When I was in the third grade, my mother bought an old upright piano. She had always wanted to play when she was a little girl but never had the opportunity. She decided I should take piano lessons.
I hated to practice. I’d have my girlfriend come over to ask if I could come out to play. “Not until she’s practiced the piano,” my mother would say.
By high school I had grown to love playing the piano and decided that I wanted to become a concert pianist, touring the world to perform in concerts and recitals. My high school music teacher (and my mother) persuaded me that the sensible thing to do was to become a music teacher so I could support myself. The New England Conservatory of Music had a music education program, and I was accepted.
My dreams of performing around the world ended when I had to pay back college loans and had no money for graduate school. But all worked out. I recently retired after 34 years of teaching music and chorus in public schools. My students sang in spring performances, winter concerts and at nursing homes. One, in fact, is still performing in Manhattan nightclubs.
Another one of my students came up to me after a concert and told me her mother wanted to say hello because I had taught her as well. I thought, “That can’t be right!” But yes, after doing the math, it certainly was.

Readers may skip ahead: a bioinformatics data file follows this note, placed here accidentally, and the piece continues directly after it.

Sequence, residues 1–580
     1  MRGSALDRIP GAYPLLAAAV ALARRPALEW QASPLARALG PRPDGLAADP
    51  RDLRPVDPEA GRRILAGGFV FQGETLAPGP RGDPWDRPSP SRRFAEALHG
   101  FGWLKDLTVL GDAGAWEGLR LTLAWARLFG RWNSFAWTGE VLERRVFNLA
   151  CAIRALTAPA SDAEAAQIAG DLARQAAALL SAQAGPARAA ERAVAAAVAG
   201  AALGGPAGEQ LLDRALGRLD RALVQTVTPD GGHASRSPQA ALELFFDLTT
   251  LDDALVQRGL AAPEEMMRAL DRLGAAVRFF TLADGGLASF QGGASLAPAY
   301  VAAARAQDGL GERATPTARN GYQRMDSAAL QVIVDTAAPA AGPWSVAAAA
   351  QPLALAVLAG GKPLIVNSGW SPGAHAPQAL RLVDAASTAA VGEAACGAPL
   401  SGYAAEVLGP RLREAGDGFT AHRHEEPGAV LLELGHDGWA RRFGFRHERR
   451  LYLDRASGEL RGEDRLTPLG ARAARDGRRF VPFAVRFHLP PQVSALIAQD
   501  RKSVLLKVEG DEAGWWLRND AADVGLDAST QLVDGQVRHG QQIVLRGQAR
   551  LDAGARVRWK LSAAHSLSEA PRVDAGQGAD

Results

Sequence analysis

I also did the math to see whom I’ve touched with music. I multiplied 34 years by the average number of students in each of my choruses (100), times the number of performances they gave, added the people who attended the concerts and the students who listened in my classes, and, well, the total gets to be a little overwhelming, but happily so.
My legacy is the gift of music—a gift that I know will keep on giving as parents whom I’ve taught continue to encourage their children to sing and to pass on the joy that comes from this wonderful art form.
I just wish my mother were alive so I could thank her for those piano lessons.
The AARP Bulletin’s What I Really Know column comes from our readers. Each month we solicit personal essays on a selected topic and post some of our favorites in print and online. Judi Francis is a reader from Swampscott, Mass.
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